“The sayings of King Lemuel–an oracle his mother taught him –” (Prov 31:1)
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Me with the littlest arrow in the quiver, The Writer! (c) Kim M. Bennett, 2012
Mother DOES Know Best…

“Mom, you won’t believe what Lee did today on the playground!”

Whenever I hear something like that, I pause, even if JUST for a teeny, tiny moment…

“We were standing at the edge of the playground, and I was pumping my fist to get trucks to honk their horns, and I realized that Lee was sticking up his middle finger at the cars as they went by!”

Of course, he gave many more details than I needed. I concluded the conversation with the sage advice, “Maybe you should choose to play with someone else besides Lee for awhile.”

Fast forward about a month — “Mom, you won’t believe what Daniel told the teacher about me!” — Sigh.

“He said that I do the same thing as Lee on the playground!”

Well, you stopped playing with him, right?

“No… he’s my friend.”

Sadly, it took my son being called the “N” word and being physically hurt before he realized that he should have listened to his mom in the first place. I reminded my son of this: parents don’t tell kids stuff to make them miserable: parents make rules to keep kids safe and out of trouble.

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My eldest son, Nature Boy, whose co-workers used to call him “State Police” because of his muscles and his “No. 1” haircut. (c) Kim M. Bennett, 2012.

A Message from Mother to Son

Proverbs 31 is a lesson. It is a not-so-gentle warning from a mother to her son about the way a young man should behave, and a reminder of the consequences of choosing otherwise. In Proverbs 31, Bathsheba, lovingly but firmly, chides a young King Solomon and instructs him on what to do and what not to do in order to live a happy, prosperous life within the will of God.
In this post, I closely examine Verse 1, only. Why just one verse? Because I have found, as you will, too, that a close examination of one scripture, and all the related cross-references, taught me what the verse was really saying, which was often very different from the way I had previously understood the verse.
  • The Subject is“The sayings (or words) of King Lemuel…”
  • The Main “Characters” are: King Lemuel (Solomon) and his mother (Bathsheba)
How do we know this line refers to Solomon?
“… The general sense of Jewish and Christian writers is, that Solomon himself is meant; whose name Lemuel is either a corruption of his name Solomon, a fond pretty name his mother Bathsheba gave him when young, and he thought fit to write it just as his mother spoke it; as mothers often do give such broken names to their children in fond affection to them: or it was another name of his, as it appears he had more than one; it signifies “to God”, one that was devoted to him, as he was by his parents and by himself; or one that belonged to God, was his, as Solomon was; he was beloved of God, and therefore called Jedidiah, ( 2 Samuel 12:24 2 Samuel 12:25 ) ; one to whom God was a father, and he a son to him; and he was chosen and appointed by him to succeed his father David in the kingdom, ( 2 Samuel 7:13 ) ( 1 Chronicles 28:5 ) . Hillerus makes the word to signify “over against God”, or “before the face of the first”, or of God and was a type of the “angel of faces”, or of God’s presence, ( Isaiah 63:9)” (John Gill’s Exposition of the Bible).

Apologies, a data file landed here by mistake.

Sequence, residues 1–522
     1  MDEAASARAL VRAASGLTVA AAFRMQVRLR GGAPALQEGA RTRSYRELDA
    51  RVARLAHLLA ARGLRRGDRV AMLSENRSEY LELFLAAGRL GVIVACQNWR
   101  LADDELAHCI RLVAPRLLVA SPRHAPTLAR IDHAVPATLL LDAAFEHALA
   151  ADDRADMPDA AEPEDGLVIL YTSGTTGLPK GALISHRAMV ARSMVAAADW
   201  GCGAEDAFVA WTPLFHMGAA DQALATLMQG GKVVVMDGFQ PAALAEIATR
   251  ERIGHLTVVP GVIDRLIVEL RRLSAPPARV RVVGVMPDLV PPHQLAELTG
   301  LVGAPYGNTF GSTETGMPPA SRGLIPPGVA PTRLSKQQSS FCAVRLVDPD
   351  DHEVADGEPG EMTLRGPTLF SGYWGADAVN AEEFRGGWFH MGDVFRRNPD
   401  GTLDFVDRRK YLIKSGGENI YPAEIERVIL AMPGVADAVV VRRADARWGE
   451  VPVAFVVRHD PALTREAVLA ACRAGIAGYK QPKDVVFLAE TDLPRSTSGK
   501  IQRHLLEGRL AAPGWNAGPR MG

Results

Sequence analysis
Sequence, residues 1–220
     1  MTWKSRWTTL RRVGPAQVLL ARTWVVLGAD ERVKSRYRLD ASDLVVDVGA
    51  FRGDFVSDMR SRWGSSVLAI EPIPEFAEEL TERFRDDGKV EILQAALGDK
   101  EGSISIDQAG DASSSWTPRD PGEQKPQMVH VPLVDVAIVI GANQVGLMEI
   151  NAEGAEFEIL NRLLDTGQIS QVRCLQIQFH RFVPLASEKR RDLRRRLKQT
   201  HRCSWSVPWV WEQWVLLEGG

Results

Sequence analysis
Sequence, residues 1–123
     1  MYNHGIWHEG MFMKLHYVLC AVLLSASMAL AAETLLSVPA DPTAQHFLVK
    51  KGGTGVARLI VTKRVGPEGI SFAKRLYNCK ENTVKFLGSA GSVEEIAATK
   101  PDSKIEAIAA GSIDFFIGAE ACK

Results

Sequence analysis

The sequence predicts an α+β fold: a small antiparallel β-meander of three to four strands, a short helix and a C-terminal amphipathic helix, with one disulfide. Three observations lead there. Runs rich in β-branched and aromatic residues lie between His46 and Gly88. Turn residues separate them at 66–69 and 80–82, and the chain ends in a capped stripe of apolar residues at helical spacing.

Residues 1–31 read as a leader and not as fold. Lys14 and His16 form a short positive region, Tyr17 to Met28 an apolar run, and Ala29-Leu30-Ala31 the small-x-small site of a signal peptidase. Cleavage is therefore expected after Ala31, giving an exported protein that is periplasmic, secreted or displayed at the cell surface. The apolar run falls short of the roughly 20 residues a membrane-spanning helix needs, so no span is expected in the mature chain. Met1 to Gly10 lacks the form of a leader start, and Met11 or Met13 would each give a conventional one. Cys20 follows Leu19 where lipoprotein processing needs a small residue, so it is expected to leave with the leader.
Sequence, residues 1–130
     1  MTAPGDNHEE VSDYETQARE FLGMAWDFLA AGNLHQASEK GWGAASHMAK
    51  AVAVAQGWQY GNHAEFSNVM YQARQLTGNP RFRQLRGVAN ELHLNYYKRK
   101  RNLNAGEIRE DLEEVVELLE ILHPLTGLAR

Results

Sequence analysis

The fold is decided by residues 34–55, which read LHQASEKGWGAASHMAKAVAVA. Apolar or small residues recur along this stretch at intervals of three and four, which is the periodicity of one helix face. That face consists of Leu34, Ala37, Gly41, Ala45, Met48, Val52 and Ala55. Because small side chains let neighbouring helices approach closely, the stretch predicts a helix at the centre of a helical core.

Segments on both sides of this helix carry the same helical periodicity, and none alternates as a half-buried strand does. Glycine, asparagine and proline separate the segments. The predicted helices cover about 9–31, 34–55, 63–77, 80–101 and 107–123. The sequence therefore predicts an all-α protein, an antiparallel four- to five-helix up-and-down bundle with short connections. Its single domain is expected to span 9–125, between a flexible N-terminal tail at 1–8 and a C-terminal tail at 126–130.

• The “words” are described as:  an oracle, a teaching, a prophecy, a vision, a prophetic revelation, a message, an utterance, strong advice, a declaration or solemn words

… depending on the translation or version of the Bible used. [I find it helpful to sometimes look at several versions, because it helps me get at the original intent of the word choice (in Hebrew, Aramaic or Greek) in a way that reading only one version would. It also helps me see places where there are differences in opinion on the meaning. For example, the words teaching, solemn words, declaration and strong advice sound parental, while the words oracle, prophecy, vision, revelation, message and utterance convey that the words ultimately come from God.]

The word “prophecy” could convey a number of meanings:
  • the words were the inspired words of God, as given to Bathsheba;
  • they reflected her wisdom, or her own (bad) experiences (the word “prophecy” often being used to describe any sage advice);
  • the predictions were those of a son’s mother, who sees his inclinations and knows where they will lead, if unchecked.
  • The purpose of the words is: Teaching, discipline, instruction…
This kind of implies that there was some correction that needed to take place. Unfortunately, as we know, some of the things that Bathsheba warned Solomon about in the next few verses contributed to his falling away from God in the latter part of his life.

What does this mean for our Christian homeschool instruction? Read on, in “Three Aspects to a Mother’s Instruction.

[This post was submitted to the “No Rules” Blog Hop and this great blog carnival:]

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